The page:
Deepwater Horizon restoration funding must be transparent and avoid cronyism
Next month will mark four years since the Deepwater Horizon oil rig exploded fifty miles off the Louisiana coast, killing eleven men and spilling over four million barrels of oil into the Gulf. While initial predictions about the spill’s likely economic and ecological effects fortunately proved to be overblown, the Gulf’s economy continues to struggle and its natural environment is still suffering. To wit: last month, a half-ton tar mat from the spill washed ashore near Pensacola, Florida.
But the coast’s fortunes are looking up. The Treasury Department will soon outline how state and local governments across the Gulf Coast can draw down funds from the Gulf Coast Restoration Trust Fund, an account established with civil fines paid after the 2010 Deepwater Horizon oil spill. Whether these funds will be used effectively and efficiently — or squandered on pet projects and cronyism — is ultimately not in the hands of Treasury officials, but policy makers in the coastal states.
This devolution of authority was the express intent of Congress, which in 2012 passed the RESTORE Act. This landmark bill places 80 percent of the Clean Water Act fines paid by oil company BP and rig operator Transocean into a Gulf Coast Restoration Trust Fund. The vast majority of these funds will go either to individual states or to a council led by the governors of the five Gulf states. Depending on how litigation against BP resolves, the total amount available to the fund could be as much as $14 billion.
Conservatives have supported this policy from day one, and they should continue to endorse it and closely monitor its implementation. After all, giving state governments rather than Washington the responsibility to develop and execute projects that have positive environmental and economic benefits for the Gulf Coast reflects important conservative values: it allows states to address the particular needs of their populations and doesn’t try to impose a bureaucratically-driven, one-size-fits-all model on five states and thousands of miles of shoreline.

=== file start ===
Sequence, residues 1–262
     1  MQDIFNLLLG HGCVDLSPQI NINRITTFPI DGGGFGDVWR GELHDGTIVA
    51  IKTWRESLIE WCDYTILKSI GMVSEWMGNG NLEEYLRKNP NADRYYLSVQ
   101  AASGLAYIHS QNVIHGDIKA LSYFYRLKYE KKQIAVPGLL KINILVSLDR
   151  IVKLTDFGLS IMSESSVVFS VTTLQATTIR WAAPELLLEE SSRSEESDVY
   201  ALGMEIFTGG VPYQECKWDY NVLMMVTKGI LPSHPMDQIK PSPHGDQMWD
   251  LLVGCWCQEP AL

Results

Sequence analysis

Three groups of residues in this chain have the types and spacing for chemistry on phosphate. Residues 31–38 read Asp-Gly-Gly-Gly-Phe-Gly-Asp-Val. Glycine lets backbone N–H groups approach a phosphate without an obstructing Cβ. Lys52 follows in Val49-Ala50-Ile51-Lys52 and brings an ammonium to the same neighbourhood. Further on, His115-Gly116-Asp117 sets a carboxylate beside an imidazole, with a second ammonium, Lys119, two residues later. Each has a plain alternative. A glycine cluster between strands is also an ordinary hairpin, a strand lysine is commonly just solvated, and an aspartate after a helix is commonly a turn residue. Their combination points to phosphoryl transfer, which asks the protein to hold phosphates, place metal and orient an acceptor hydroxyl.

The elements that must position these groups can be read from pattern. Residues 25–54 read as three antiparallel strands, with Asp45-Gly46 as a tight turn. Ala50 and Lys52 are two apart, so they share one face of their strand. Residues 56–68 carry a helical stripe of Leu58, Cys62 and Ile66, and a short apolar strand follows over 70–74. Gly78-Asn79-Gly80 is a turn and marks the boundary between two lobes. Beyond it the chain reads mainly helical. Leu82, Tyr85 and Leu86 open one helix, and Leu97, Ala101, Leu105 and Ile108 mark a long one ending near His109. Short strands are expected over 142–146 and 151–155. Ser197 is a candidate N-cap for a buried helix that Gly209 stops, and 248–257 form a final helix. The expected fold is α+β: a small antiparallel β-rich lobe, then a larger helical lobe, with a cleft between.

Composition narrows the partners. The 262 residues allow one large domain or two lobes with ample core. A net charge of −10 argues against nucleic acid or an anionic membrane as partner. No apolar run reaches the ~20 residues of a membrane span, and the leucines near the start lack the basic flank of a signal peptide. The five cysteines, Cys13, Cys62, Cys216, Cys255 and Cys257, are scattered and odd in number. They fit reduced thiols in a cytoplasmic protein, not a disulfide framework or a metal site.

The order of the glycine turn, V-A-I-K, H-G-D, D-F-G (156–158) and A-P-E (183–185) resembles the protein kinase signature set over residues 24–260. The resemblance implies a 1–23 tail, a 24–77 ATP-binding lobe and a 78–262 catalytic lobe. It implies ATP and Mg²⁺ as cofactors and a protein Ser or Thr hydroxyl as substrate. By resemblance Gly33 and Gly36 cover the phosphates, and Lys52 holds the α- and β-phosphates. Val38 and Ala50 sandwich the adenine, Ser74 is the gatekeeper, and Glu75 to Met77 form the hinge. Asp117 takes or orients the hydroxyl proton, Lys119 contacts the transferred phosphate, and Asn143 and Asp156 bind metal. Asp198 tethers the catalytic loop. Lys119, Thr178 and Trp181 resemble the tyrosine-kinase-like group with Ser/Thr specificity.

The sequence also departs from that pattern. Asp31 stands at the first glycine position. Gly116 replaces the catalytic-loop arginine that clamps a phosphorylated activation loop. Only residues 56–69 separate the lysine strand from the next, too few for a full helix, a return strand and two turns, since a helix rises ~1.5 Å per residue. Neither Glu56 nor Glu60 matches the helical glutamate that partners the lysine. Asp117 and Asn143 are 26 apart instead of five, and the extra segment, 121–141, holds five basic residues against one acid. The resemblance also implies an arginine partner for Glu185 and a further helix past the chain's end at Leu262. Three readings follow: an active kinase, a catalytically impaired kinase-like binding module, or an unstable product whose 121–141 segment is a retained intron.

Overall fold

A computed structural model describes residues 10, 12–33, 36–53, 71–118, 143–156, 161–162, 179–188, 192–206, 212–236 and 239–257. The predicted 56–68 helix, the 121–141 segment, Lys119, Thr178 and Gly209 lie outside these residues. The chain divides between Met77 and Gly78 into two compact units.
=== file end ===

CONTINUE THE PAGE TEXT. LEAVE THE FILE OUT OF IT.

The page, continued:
But in order for the RESTORE Act to live up to its potential, spending decisions must be made in a completely transparent manner — and funds absolutely cannot go to pet projects and special favors for particular industries or companies.
Fortunately there are good efforts afoot on the transparency side. Mississippi has launched a web site where citizens can suggest projects to fund with RESTORE Act dollars. In Florida, where the counties are primarily responsible for identifying and executing projects, a bipartisan bill in the legislature would require every proposed appropriation to be posted online for at least 30 days before it comes up for a vote. And in Louisiana, a proposed constitutional amendment would require that all funds the state receives under the RESTORE Act go to funding the state’s coastal protection infrastructure plan.
Spending this windfall on projects that benefit the economy and environment of the coast is consistent with limited government principles — provided it is done correctly. Building public infrastructure, developing public goods, and mitigating the deleterious effects of failed government projects are all appropriate activities for governments to undertake. If done properly, they can save taxpayers future costs and create an environment conducive to economic growth.
But in order to ensure that funds are spent in a way that benefits the broader economy, it is critical that policymakers steer funds towards projects with broad benefits, not those that just benefit certain favored groups. Too often, policymakers use targeted tax incentives or giveaways to politically connected companies as a means of trying to spur investment. But this is little more than industrial policy conducted through the tax code, and it would be a terrible use of RESTORE Act funds.
Projects funded through the RESTORE Act must be evaluated by proper metrics. This means examining likely costs and benefits in order to ensure taxpayers get the most “bang for the buck.” Looking just at the number of “jobs created” by a program, for instance, is a poor way to evaluate whether it provides value for taxpayers.
With the RESTORE Act, Congress made a historic decision to allow the Gulf Coast states to take the lead in developing stronger coastal economies and more resilient natural environments. The onus is now on policymakers in these states to ensure that projects are selected and funds spent transparently and efficiently on projects with benefits that accrue both today and into the future.